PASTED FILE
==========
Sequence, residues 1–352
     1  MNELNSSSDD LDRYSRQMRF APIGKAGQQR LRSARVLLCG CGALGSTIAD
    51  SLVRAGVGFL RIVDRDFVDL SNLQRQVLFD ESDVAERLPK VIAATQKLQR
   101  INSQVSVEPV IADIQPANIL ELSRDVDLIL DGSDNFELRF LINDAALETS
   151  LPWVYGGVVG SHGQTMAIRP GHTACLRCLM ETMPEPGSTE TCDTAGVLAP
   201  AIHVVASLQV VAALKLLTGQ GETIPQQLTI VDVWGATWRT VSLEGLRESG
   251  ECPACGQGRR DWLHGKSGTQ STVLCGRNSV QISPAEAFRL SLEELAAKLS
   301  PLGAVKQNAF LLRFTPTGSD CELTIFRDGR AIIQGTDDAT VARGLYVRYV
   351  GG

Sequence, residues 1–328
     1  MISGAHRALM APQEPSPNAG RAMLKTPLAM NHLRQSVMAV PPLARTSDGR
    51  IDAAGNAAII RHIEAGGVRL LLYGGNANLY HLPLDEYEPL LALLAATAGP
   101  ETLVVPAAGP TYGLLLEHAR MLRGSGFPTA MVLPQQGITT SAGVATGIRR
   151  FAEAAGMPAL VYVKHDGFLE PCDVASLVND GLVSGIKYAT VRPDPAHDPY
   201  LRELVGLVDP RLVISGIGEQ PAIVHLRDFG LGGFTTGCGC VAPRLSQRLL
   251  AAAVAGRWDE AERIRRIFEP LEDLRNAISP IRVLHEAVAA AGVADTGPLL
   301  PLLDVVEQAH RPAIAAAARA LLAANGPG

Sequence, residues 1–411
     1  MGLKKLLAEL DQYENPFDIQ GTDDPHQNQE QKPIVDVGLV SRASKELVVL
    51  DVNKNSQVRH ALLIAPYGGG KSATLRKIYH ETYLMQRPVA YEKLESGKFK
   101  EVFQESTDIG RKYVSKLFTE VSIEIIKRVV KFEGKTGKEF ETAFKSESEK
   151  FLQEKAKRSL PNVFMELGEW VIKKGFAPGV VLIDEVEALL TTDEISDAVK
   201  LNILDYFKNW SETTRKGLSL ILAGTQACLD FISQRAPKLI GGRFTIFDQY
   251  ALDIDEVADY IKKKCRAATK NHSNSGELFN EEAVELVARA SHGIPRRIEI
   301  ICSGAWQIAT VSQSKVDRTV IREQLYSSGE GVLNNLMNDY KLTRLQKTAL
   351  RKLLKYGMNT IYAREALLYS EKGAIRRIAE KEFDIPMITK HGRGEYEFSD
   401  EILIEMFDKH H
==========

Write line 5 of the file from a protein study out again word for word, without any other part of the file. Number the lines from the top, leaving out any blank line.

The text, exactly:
   151  LPWVYGGVVG SHGQTMAIRP GHTACLRCLM ETMPEPGSTE TCDTAGVLAP